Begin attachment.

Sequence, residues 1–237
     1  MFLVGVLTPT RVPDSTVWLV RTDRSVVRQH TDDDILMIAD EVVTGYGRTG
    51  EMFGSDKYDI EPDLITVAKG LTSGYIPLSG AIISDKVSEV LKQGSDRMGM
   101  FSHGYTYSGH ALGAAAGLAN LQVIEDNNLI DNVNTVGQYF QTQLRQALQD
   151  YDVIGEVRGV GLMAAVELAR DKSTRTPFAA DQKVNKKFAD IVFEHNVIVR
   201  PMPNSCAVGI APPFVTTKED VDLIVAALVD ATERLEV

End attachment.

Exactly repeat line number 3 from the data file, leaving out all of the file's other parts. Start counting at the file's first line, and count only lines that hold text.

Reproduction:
    51  EMFGSDKYDI EPDLITVAKG LTSGYIPLSG AIISDKVSEV LKQGSDRMGM